REVIEW: ‘Living In Stereo’ by Carson City Heat
Review by Rebecca Lowry
There was a time in music history when soul music took a left turn to become disco, which then forked into two wildly different musical journeys. The first tine became hip hop, but the other lead to Top 40 pop music in the early 80s. While it was admittedly an awkward developmental stage in American music history, it was also the transition that can be credited with bringing the likes of a young Michael Jackson or Stevie Wonder into superstardom as a full-fledged adults.
It is this specific passing of time in music history that alludes to what can be expected from Carson City Heat’s new album Living In Stereo. While no one would accuse the album or its sound of being awkward, for those familiar with CCH’s live show, it can be inferred that they’ve replaced their usual powder blue suit coats, à la The Temptations, with Members Only Jackets.
The Carson City Heat sound is a wonder. Dummer Nic Woods holds it down while Dave Keim (The Subvectors) lays it on thick with some James Jamerson, Motown showdown bass lines. Guitarist Rob Rutar (Surfer Rosa) weaves between slick hard rock riffs and gentler sounds, reminiscent of Doo Wop, 80s Pop and Disco. The primary songwriting duties of CCH are shared between pop punk vocalists David Utterback (Miles On End) and Chris Crutcher (8th Wave), each taking on their own lyrics and melodies. The result ends up sounding something like Fall Out Boy covering MJ’s Off the Wall.
“Dance Dance” kicks the album off with an energetic beckoning to the dance floor, featuring a wailing sax solo from Mike Corring that would excite any fan of Hall and Oates’ “Maneater.” From there, each song explores themes of love and love lost, but never fails to groove. Omaha R&B singer and CCH favorite Peedi Rothsteen makes an appearance on “Back to Me,” a song that borrows heavily from The Jackson 5’s “I Want You Back.” Tara Vaughan and Cori Garrett show up on “Rock n Soul,” an ode to the band’s genre bending and love of all things Motown and Stax.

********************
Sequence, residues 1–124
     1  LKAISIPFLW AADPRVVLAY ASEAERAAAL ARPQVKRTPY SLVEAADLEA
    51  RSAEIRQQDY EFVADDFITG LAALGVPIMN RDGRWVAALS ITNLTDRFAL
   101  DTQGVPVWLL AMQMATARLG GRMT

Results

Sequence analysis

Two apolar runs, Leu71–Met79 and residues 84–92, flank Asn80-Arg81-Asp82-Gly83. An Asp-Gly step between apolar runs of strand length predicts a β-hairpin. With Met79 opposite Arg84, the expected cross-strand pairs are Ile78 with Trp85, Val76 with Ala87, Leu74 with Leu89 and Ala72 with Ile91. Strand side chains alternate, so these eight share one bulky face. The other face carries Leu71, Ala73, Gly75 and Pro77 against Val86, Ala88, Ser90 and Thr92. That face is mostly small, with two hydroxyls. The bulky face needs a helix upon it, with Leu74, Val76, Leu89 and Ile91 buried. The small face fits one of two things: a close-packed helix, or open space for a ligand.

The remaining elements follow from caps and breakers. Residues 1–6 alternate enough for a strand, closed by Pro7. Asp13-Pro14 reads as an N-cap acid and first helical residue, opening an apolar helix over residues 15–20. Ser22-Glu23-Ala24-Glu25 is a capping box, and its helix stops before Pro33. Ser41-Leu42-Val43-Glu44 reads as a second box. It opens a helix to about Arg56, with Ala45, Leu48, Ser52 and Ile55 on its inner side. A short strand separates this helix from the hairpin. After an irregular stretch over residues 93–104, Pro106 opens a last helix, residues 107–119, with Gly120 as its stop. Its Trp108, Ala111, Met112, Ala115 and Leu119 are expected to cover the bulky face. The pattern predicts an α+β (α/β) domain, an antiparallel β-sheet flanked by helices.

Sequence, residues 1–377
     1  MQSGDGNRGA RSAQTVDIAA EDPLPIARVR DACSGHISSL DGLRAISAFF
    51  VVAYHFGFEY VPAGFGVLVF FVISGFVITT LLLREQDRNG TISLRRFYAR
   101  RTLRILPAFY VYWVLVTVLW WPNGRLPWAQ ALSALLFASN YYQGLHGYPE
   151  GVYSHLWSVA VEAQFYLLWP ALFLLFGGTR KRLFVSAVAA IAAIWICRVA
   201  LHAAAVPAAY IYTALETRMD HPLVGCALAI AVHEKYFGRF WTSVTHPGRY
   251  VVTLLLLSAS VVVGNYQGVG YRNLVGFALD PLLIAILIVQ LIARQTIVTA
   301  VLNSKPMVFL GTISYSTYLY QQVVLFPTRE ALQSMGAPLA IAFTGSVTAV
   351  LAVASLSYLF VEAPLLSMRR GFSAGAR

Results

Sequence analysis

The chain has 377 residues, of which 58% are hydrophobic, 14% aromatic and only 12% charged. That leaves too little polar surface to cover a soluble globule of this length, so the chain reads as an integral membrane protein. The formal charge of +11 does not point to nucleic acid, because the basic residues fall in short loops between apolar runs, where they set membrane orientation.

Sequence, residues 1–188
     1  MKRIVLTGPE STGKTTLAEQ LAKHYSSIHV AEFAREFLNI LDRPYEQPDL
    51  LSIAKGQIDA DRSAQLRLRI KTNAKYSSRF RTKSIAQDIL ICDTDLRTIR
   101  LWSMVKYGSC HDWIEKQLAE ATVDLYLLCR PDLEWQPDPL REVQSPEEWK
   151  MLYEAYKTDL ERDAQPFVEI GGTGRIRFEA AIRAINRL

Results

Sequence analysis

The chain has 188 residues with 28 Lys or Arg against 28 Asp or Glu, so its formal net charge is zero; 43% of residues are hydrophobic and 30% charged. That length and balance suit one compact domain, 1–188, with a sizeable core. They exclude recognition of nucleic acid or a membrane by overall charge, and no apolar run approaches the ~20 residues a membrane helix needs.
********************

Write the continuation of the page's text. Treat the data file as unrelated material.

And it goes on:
The album is a Wayfarer-wearing throwback to a lot of little dots along the American music timeline. This collection of those dots is wholly Carson City Heat, and what makes the band such a draw. It’s music to dance to, to party to, to rock while driving your DeLorean 88 mph into another time altogether.
Carson City Heat plays a release show tonight at The Waiting Room with Rothsteen, State Disco and Tara Vaughan. 9 p.m., all-ages, $10 cover. RSVP here.
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Photo coverage: Conor Oberst plays 40th St Theater
HN intern Lauren Farris caught Conor Oberst’s hometown stop at historic 40th St Theater last night. He was joined onstage by current touring partner Miwi La Lupa, who accompanied on bass as the two drew heavily from Oberst’s new album Ruminations. Omaha-based singer/songwriting duo Harford/Focht opened the sold-out show at the newly renovated theater.
See Farris’ photos below:
photos by Lauren Farris
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Photo coverage: Vega’s third anniversary celebration
HN intern Connor Lepert went to Vega last night as the Railyard venue celebrated its third anniversary. Owner Eli Mardock revived his old indie rock project Eagle Seagull to open the show, it’s first since a turn at O’Leaver’s last October and first in Lincoln in six years. Josh Hoyer & Soul Colossal and Evan Bartels kept the party going afterward, while comedian Brad Stewart opened the show
See Lepert’s photos below:
Evan Bartels & the Stoney Lonesomes
Josh Hoyer & Soul Colossal
Photos by Connor Lepert
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Herbert’s Rainbow, Sweats at Duffy’s Tavern
Review by Jhalisa Robinson
Herbert’s Rainbow and Sweats played their hearts out for a crowd of Thursday partiers at Duffy’s Tavern. Herbert’s Rainbow is a newer trio to the Lincoln music scene, and they most certainly didn’t disappoint.
Marc Mason, Hebert’s Rainbow’s lead vocalist and bassist, had a wolf-like voice that gave the band a sound that embodies fun, silliness and funky vibes. For those that are familiar with A Furious Jungle Cat, this band’s sound is in the same ballpark of having a funky, rock and roll feel. Mason and guitarist Eric Jackson were dancing and making goofy faces at each other on stage. Mid-set, Jackson effortlessly let his guitar swing down his neck as he bent over for a second,and put his entire body into his playing.
Sweats performed almost immediately after Herbert’s Rainbow, and were everything but subtle. The rock band consists of the three guitarists and one drummer. Lead vocalist and bassist Justin Kohmetscher sang and screamed into the microphone as he strummed playing “Road Canyon.” They had great transitions into each song with extended drumming, creating a suspenseful energy to their music.
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